BOISE - Amy Rhoades of Middleton has a tattoo. The familiar pink breast cancer awareness ribbon and the words "No Bad Days" decorate the top of her foot.

"That kind of became our motto throughout my treatment," Rhoades said.

She got the tattoo a couple years after chemotherapy, when a weakened immune system was no longer a threat, but the concern about cancer was still fresh.

"Things can be positive," Rhoades said. "You've got to keep working and stay driven and focused on what the goal is, and there won't be any bad days moving forward."

AMY RHOADES 2 TATTOO_1525902920952.JPG.jpg
After her battle with breast cancer, Amy Rhoades got a tattoo on her foot with the words that were her motto throughout treatment: "No Bad Days."

It all followed a bad morning in September of 2007. She got a call from her doctor saying she'd been diagnosed with stage two breast cancer. Rhoades was just 20 years old; a student and softball player at the College of Idaho.

"At 20, it's kind of hard to conceptualize what your life is anyway," Rhoades said. "So then now to take this big detour, I was hyperventilating and then kind of calmed myself down and was like, ok, what do we got to do?"

What she did was have a lump in her breast removed, then chemotherapy and eventually a double mastectomy.

"To be sure, and then to just reduce the risk of recurrence with my type of cancer," Rhoades said of why she chose to undergo a double mastectomy.

The 2018 Susan G. Komen Boise Race for the Cure is Saturday, May 12. This is a big year for the event that raises money for breast cancer screenings and mammograms, services for people with breast cancer and for research. It's the 20th annual Race for the Cure in Boise.

EVENT GUIDE: Race for the Cure 2018

Rhoades took part in her first Race for the Cure in 2008 just a few days after her double mastectomy. Taking part so soon after a major operation shows her grit in facing the disease.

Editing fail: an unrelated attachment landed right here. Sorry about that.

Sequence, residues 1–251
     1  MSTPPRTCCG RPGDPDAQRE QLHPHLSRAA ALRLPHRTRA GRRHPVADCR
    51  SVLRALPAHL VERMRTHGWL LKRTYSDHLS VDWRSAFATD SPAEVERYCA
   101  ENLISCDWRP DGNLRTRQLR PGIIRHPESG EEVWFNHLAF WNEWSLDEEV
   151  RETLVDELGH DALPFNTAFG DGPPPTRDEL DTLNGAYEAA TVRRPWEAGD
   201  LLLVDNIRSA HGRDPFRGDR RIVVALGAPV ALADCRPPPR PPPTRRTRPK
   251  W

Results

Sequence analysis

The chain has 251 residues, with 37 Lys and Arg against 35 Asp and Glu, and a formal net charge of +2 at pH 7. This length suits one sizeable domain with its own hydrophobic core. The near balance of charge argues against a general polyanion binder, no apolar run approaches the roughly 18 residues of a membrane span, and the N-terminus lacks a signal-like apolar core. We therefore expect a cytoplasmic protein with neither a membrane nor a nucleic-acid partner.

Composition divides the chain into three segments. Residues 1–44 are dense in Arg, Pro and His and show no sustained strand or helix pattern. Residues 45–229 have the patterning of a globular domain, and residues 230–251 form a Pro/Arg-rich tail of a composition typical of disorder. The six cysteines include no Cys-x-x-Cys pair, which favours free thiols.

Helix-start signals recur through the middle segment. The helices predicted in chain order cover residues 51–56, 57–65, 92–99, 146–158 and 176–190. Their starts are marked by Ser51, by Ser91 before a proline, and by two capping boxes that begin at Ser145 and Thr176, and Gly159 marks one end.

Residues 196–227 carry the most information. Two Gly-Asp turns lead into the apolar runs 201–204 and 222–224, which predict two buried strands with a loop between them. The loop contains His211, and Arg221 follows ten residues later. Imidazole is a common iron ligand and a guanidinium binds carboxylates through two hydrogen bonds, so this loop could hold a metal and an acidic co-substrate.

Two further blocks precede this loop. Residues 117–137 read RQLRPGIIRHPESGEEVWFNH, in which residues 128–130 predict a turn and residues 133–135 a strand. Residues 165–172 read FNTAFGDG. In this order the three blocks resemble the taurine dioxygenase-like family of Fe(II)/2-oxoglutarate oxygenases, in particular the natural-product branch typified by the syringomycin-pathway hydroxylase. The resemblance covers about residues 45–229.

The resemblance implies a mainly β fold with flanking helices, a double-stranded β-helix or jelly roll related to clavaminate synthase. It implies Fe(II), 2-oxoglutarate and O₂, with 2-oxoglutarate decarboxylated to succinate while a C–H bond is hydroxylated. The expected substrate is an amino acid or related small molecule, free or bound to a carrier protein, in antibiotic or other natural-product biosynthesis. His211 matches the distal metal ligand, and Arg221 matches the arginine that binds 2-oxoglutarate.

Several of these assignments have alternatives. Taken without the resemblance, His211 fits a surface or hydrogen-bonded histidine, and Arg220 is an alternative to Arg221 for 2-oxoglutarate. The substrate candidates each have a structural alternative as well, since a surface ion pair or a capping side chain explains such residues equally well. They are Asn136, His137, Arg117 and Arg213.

"Doing that walk and then crossing the finish line that first time, as a survivor they put a ribbon and a medal over your neck," Rhoades said. "I just kind of got teary in that moment knowing I am part of this group now that you don't necessarily want to be a part of, but we all call each other sisters."

Through the treatment and tough times, she relied on that determination and humor.

"We shaved every kind of haircut that you can imagine into my head," Rhoades said. "We did a mullet. We did bangs only. We did steps, a bowl cut!"

She also leaned on her family and friends, and never stopped going to school or playing softball.

"Because that was the place that made me feel at home," she said.

Now, nearly 11 years later, Rhoades feels at home as a pediatric care coordinator at St. Luke's. She helps families of children with complex conditions - such as cerebral palsy or autism - navigate what can be a medical maze of appointments and travel. It's a maze she mastered during her own treatment with a solid network of help.

"After I was diagnosed I wanted to kind of give back that experience that I received at St. Luke's," Rhoades said. "Being a big advocate for somebody like that there's no better feeling than knowing that you provide a little bit of relief for families that are overwhelmed."

Her experience with cancer played a major role in her choice of career. It also played a major role in her choice of a charity to support. In January of 2017 she joined the board of directors of Komen Idaho Montana and is now the vice president.

"I saw so many positive things about the organization and things that we can really give back to," Rhoades said. "It's a huge organization, but in Idaho we can really serve a lot of families, and that's neat."

And over the last decade she's helped, supported and counseled many other women who found themselves facing an uncertain future.

"I didn't have a ton of support[ers] my age, especially, when I was going through this, and so I don't want another woman to go through that process and not have that option," Rhoades said.

Sharing some hard-earned wisdom with them. Maybe like the three words in the tattoo on the top of her foot, "No Bad Days," her motto still today.

"My 30s are going to be the good times," she said, smiling.

Her one big piece of advice for someone who gets a cancer diagnosis and may not have a close network of family and friends to lean on is to reach out and find someone you are comfortable with.

And Komen Idaho Montana is a great place to start.

If you'd like more information on the Boise Race for the Cure and the services provided by Komen Idaho Montana, visit the organization's website, or check out our event guide.

Organizers expect about 5,000 runners and walkers to take part in the 2018 Boise Race for the Cure.

This year's fundraising goal is $100,000.